Saturday, 27 June 2015

Sarajevo: Bosnia’s microcosm of humanity

If Serbia was an eye-opener then Bosnia was no less an amazing experience!

As the crow flies, the distance between Belgrade and Sarajevo is less than 200 kilometres – a couple of hours on a German autobahn or an intercity train! However, train services between Belgrade and Sarajevo were suspended in 2012 making bus travel the best option.

Given the mountainous (and beautiful!) terrain traversed during the road journey, the actual distance traveled on a bus is approximately 300 kilometres. Including a few rest stops, immigration formalities to exit Serbia and enter Bosnia (two independent nations), the entire journey takes almost eight hours. A long but manageable ride.

The Sebilj or Ottoman style wooden fountain located in Bascarsija Square, an old city district
The highway from Belgrade takes one through fairly typical (yet beautiful!) European countryside. It is only closer to the Bosnian frontier that the land becomes mountainous. Sarajevo proper is situated 500 meters above sea level in a valley of the Dinaric Alps.

Although the Bosnian countryside is spectacular especially when seen from such high vantage points, it is the pervasiveness of graveyards, large and small, dotted across Bosnia which one finds striking. The cemeteries are a reminder of the horrors – and massacres – of the Yugoslav civil war of the 1990s. As recently as October 2013, a mass grave believed to contain over 1,000 bodies was found near a village in Northwest Bosnia.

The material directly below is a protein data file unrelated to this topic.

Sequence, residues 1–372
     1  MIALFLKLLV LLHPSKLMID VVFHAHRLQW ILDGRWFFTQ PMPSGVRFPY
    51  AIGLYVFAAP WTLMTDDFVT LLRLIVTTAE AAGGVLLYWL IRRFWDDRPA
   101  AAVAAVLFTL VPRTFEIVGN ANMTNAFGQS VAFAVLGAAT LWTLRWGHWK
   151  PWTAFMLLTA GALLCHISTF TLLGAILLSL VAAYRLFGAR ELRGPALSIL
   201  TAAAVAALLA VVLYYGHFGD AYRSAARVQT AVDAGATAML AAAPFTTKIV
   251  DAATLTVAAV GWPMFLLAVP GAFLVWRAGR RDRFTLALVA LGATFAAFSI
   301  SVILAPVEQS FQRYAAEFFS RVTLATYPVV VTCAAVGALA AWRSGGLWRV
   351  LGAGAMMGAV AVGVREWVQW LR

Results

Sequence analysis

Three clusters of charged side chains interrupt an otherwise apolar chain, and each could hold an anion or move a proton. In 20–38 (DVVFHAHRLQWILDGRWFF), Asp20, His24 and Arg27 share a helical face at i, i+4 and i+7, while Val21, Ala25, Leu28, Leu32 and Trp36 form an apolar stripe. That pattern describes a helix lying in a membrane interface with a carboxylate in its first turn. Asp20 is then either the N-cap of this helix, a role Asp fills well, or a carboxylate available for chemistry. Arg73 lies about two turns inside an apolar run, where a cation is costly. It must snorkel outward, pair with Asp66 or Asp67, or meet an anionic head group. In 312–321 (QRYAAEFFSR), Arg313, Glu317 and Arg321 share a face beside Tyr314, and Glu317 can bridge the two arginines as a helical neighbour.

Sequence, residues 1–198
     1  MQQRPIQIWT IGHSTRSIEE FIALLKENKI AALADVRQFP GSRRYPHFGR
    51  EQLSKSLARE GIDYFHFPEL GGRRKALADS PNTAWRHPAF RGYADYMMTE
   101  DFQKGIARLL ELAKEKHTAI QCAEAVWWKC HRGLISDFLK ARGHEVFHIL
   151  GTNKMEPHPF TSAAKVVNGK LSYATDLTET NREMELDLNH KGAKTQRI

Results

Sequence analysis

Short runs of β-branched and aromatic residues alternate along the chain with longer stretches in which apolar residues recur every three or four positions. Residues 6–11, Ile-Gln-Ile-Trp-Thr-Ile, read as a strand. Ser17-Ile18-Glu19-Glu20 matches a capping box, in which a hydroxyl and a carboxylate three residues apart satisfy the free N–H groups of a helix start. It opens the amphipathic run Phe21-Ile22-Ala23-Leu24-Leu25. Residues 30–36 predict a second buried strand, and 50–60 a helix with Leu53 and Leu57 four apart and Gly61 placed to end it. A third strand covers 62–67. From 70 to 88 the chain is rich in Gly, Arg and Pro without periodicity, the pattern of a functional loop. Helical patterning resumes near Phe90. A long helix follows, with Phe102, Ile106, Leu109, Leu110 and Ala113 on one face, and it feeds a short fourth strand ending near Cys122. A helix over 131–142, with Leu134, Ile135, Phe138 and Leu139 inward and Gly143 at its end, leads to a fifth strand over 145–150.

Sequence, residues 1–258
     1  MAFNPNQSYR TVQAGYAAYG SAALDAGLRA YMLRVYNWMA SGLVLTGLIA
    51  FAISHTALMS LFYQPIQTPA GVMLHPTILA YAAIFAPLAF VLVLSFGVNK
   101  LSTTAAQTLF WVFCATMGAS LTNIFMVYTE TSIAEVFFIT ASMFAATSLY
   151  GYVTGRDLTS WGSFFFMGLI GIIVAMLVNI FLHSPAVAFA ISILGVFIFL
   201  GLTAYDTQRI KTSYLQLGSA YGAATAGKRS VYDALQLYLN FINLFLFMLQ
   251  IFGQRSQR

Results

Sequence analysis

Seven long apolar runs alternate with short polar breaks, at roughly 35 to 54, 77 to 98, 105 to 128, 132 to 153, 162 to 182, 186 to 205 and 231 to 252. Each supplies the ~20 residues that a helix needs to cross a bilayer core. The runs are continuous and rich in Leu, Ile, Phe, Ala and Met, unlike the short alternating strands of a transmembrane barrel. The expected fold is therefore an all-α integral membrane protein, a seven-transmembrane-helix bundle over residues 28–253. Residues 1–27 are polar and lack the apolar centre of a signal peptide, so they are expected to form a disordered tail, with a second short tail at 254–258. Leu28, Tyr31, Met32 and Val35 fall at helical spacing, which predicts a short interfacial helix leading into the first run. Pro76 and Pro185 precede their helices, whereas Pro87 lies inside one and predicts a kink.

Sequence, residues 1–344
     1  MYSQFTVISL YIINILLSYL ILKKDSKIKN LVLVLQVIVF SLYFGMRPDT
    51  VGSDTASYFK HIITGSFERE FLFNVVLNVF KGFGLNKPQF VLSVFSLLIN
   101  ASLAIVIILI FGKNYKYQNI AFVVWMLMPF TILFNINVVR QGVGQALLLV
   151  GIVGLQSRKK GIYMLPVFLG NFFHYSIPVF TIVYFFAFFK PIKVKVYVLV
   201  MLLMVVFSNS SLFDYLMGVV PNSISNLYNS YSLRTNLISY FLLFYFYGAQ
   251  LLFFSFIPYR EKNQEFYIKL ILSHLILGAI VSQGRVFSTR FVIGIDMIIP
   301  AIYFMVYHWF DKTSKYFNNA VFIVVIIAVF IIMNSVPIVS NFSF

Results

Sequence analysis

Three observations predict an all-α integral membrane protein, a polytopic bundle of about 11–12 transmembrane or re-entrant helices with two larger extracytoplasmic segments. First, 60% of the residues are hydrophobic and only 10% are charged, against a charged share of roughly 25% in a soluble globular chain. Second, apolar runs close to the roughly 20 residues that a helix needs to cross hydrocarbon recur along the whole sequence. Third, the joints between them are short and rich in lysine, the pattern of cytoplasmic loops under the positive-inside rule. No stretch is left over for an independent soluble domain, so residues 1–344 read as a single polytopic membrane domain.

(View a vivid pictorial essay of the Bosnian War by the Atlantic magazine here.)

The bus curves its way up mountains on narrow roads until at some point it begins its descent again. (Travelers prone to motion sickness or suffering from fear of heights may wish to carry ginger and / or sleeping pills!)

There is a sense of excitement about entering Sarajevo after hours of driving in sparsely populated rural areas; entering civilization after wandering about in 'no man's land!'

The Latin Bridge across the Miljacka River. The bridge was the site of Austrian Archduke Franz Ferdinand's assassination in 1914, an event which precipitated World War One 
From first glance, one realizes Sarajevo is an old and unique city. Europe but still not quite Europe: more Europe than Istanbul but as Ottoman as any Turkish city, especially in architectural terms.

Moreover, Sarajevo is a city of hills with narrow streets and lanes. A great city for keeping fit as walking – even a short distance of a few hundred meters to the nearest tram station – requires negotiating steep inclines. There is also a medieval, 'stone houses and cobbled streets' atmosphere within Sarajevo, nowhere more so than in the Baščaršija Square located in the old town.

Sarajevo is a must see city for any traveler: a city of functioning synagogues, cathedrals and mosques; a city which recently hosted Pope Francis. Sarajevo is also a city which was only recently (at least for historians!) plunged into despair, despondency and an orgy of bloodletting along religious and ethnic lines.  

A dog drinks water at the Sebilj water fountain
In so many ways, Sarajevo personifies the best and worst of human nature: a city of tolerance, peace and harmony and yet also a city of war and unspeakable atrocities.
Imran is a business and management consultant. Through his work at Deodar Advisors and the Deodar Diagnostic, Imran improves profits of businesses operating in Singapore and the region. He can be reached at

No comments:

Post a Comment